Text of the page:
And thanks for being here, you do have one of, if not the, best site going.


That is a good model and perhaps a picture of things to come.

Subject: cell phone as book reader


You say you have a cell phone that you think would do as a book reader. I'm curious what that might be, and what size screen does it have?

When it comes to a device that most people would be willing to carry almost everywhere, it seems that size is everything, with smaller being better. (I know people who don't even like to carry wallets around; I'll admit that I keep my wallet as small as possible with just a drivers license, insurance card, and a couple of credit cards.) Even a blackberry, which is just 2-4 times larger than the smallest cell phone, is a drag to lug around in some circumstances. Maybe not during the course of a business day, but that still leaves a lot of leisure hours to consider. Now a blackberry is pretty limited as a computer or book reader due to the tiny keyboard and small display, and it is hard to imagine something smaller than a blackberry that is still useful for either function. So I suspect that we are looking at a two device future for most folks - tiny cell phones with limited functions that get taken everywhere, like a wallet, and somewhat larger devices that get carried some of the time, and could be used as book reader/web browser/limited duty computer, etc.

There is probably a good business opportunity for someone who figures out a seamless way for you to keep your ultraportable cell phone always synced up with your "doing business" electronic companion. That way, you'd have access to your essential data all the time, even in those situations where you decided not to bring along the electronic brick.

CP, Connecticut

The phone I think "good enough" as a reader (and as a PDA and pocket computer for that matter) is the I-Mate JASJAR. Alas, it isn't a very good phone, so I am not willing to carry it. I believe the next iteration of the iPhone may do the job, though.

Subject: Writers' Strike


Just a thought for the writers....in this age of cheap digital video, why not come up with a few ideas that the studios don't have rights to, and start making videos and putting previews up on YouTube or the like? With a payment for the full episode?

It would scare the living bejeebers out of the producers, and That Might Be A Good Thing, perhaps?

Doug Hayden

It has certainly been thought of. Technology has already made it possible to produce professional quality audio broadcasts of both voice and music with minimum investments; you have to learn some skills, but you no longer need the facilities of a recording studio to make your recording, and distribution is getting a lot easier. At least the technical aspects of distribution are; getting people to pay attention is another matter.

It's not quite that easy for movies, but we're getting there. We do live in interesting times.

For another view:

Writers Guild Strike

A Freak Show Waiting To Happen---If Anybody Actually Gives a Hoot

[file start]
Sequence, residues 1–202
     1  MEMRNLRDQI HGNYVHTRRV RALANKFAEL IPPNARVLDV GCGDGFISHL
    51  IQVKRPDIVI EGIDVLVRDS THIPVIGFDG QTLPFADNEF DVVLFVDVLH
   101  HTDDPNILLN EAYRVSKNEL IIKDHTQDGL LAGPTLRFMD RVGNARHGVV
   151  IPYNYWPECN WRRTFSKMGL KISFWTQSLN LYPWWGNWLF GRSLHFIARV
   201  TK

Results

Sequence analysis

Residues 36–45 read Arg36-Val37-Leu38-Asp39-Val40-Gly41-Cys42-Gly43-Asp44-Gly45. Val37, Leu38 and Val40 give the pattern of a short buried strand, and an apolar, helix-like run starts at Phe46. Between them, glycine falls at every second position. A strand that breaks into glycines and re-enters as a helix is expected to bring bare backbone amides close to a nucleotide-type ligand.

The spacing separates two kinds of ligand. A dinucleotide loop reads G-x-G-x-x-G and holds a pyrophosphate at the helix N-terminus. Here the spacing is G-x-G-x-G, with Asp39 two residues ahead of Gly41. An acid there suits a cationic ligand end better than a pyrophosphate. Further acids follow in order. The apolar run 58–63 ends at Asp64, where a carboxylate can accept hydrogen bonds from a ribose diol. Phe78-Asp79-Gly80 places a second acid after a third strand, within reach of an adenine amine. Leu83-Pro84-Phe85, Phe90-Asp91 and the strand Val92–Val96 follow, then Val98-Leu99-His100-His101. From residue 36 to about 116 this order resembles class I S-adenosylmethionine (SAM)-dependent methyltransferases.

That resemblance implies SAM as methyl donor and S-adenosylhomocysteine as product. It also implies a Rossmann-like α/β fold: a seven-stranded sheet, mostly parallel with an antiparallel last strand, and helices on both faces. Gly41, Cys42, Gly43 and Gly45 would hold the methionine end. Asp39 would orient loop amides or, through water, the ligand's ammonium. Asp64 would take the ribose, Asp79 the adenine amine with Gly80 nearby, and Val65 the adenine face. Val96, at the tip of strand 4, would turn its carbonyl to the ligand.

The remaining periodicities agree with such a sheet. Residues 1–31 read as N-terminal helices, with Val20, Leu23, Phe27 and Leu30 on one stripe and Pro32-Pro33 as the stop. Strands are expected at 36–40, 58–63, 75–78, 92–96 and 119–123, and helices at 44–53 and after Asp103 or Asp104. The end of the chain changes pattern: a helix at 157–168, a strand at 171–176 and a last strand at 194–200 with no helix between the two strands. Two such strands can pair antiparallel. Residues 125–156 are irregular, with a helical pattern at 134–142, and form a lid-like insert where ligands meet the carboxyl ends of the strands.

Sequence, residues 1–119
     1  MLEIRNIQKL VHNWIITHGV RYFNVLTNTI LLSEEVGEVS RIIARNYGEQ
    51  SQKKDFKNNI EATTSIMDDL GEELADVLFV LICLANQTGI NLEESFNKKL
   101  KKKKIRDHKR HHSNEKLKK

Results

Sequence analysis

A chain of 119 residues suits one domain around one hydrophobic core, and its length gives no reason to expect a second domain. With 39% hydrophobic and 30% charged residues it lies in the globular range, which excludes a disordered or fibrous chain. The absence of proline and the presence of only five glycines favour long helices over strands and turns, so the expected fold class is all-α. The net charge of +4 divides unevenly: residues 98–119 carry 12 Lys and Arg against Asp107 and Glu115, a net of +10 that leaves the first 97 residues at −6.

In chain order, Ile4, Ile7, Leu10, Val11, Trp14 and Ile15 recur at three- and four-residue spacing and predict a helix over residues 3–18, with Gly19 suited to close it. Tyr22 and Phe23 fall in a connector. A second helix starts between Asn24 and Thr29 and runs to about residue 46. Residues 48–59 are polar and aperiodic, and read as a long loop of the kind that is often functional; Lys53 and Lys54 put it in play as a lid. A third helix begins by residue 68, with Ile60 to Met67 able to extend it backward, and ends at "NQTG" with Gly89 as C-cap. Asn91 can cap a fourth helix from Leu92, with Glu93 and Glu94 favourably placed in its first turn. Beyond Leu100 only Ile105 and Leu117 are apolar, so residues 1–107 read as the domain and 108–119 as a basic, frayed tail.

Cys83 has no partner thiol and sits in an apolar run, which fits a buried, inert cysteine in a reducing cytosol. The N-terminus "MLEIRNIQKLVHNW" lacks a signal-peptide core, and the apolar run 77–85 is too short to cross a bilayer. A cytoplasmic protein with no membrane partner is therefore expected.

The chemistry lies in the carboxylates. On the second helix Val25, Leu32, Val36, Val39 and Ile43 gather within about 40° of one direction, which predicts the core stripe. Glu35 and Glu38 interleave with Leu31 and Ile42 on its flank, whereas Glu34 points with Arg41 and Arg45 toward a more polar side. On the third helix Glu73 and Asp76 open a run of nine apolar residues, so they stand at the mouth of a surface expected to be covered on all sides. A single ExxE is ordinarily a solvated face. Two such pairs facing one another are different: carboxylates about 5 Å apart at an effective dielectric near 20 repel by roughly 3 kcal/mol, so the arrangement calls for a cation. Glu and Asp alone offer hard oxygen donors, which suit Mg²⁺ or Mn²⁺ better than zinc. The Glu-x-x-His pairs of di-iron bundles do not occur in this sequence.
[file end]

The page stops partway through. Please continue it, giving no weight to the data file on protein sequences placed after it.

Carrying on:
I seriously doubt the Writers' Guild walkout is going to draw all that much attention outside of a few of the sillier talk-radio hosts. It's more than a little reminiscent of the baseball strike a few years ago. The perception is that the situation is one bunch of (relatively) rich guys going after another bunch of rich guys. It's a freak show, nothing more. Let's not even mention the fact that thanks to Internet webcasting software, there is so much "content" being produced and delivered online that the writers are being undercut on price. Netflix and similar services also hurt the writers, by insuring an inexpensive, more easily accessible aftermarket for old content. (This is why old Star Trek: Voyager episodes are being sold for $ 1.99 apiece.) Today's writers are competing with their predecessors; a situation which did not exist to the same degree in 1980. There is also the little matter of the "reality shows" being far cheaper to produce and market than standard series. No script = less need for writers. In addition, the broadcast networks themselves aren't as profitable as they once were, since their oligopoly was broken by cable networks back in the 70s. No more 45-share weeks, guys ! This strike is an effort to divide up a shrinking pie. The really interesting question, if the strike lasts longer than a few weeks, is going to be whether Americans are going to just turn the set off and start picking up books again. (To coin a phrase: yeah, right.)

Cordially, Mark Schaeber

We're taking it pretty seriously out here in Hollywoodland. We'll see.

Since you like to keep track of odd occurrences:

Under Mac OS X 10.4.x, I used Parallels to run Windows XP Pro so I could use the Windows versions of the Palm and SplashData desktop software for HotSyncing my Palm Tungsten T3. At unpredictable intervals, the HotSync would abort, and I'd have to start again.

After upgrading to Leopard, Mac OS X 10.5, HotSync failed every time.

Doing what I should have done long ago, I moved my Palm HotSync cradle from a Belkin 7-port USB hub to one of the two built-in USB ports on my MacBook. Result: perfect HotSync performance.

I have no way of knowing if this is a fault of USB hubs in general or only of the Belkin hub. I've also noticed that a PS/2 keyboard connected to the Belkin hub with an adapter had fairly frequent burps with lost keystrokes under 10.4.x.. I'm waiting to see if that still happens under Leopard.

Regards, Bill Dooley

Fascinating. I have few reports of problems with Leopard upgrades.